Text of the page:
Mars Finding Doesn't Rule Out Life

By Marc Kaufman
Washington Post Staff Writer
Wednesday, August 6, 2008

With reports circulating on the Internet that the Phoenix lander had found a chemical in the Martian soil that made past or present life there highly unlikely, NASA officials quickly organized a teleconference yesterday to announce that although they had made an unexpected discovery, it had little bearing on whether the planet ever supported life.

What the lander detected was perchlorate, a highly oxidizing and potentially toxic compound that is found on Earth in generally arid regions. The chemical, which is used in solid rocket fuels, air bags and fireworks, can harm the human thyroid gland by blocking the absorption of iodine.

But NASA officials said their consensus view is that the presence of perchlorate "probably comes down as a positive rather than a negative" in terms of the possibility of life on Mars, said Phoenix principal investigator Peter Smith of the University of Arizona in Tucson.

The perchlorate was first detected several weeks ago by the Phoenix instrument that moistens soil samples and analyzes the results. A second mini-laboratory, which heats the material collected by the Phoenix robotic arm, has not found the chemical, although the researchers said it had not yet really looked for it.

Perchlorate is commonly found in the Atacama desert of Chile, one of the driest places on Earth. While researchers long believed that life could not survive such extreme conditions, more recent studies have found microbes and other organic material living there. NASA often uses the Atacama as an "analogue" for conditions on Mars.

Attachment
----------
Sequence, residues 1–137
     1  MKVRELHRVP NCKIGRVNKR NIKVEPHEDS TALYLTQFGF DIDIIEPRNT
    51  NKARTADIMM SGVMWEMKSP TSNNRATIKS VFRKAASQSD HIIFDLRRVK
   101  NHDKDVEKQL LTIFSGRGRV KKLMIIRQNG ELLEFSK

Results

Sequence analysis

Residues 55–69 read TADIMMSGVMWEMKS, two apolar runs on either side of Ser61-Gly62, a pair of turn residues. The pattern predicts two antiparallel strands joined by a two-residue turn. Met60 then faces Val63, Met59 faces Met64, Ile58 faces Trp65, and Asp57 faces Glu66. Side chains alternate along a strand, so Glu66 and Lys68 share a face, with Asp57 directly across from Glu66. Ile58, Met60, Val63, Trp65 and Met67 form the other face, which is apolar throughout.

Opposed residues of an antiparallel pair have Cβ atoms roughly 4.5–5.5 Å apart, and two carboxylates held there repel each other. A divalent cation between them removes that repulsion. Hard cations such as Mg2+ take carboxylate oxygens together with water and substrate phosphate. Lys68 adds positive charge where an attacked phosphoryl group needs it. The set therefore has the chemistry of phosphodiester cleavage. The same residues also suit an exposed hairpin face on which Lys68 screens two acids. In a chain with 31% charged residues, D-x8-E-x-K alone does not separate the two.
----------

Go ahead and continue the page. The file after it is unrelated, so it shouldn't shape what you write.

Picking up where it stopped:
The Phoenix lander's instruments have confirmed the presence of water ice and nutrients needed for life, including sodium, potassium and magnesium. But no organic, or carbon-based, materials -- a signature of life on Earth -- have been found so far.

Smith and others emphasized that they were presenting preliminary data that had not been fully confirmed or peer-reviewed. But with the Internet buzzing with tales of a finding that precluded life on Mars, the NASA team wanted to present its quite different information.

NASA officials said they are also studying whether the perchlorate found in the soil could have possibly come from the fuel used to launch Phoenix, although they said the chances of such a contamination were very small.

Perchlorate is a chemical compound consisting of chlorine, hydrogen and oxygen, and often binds with sodium, magnesium and ammonia.

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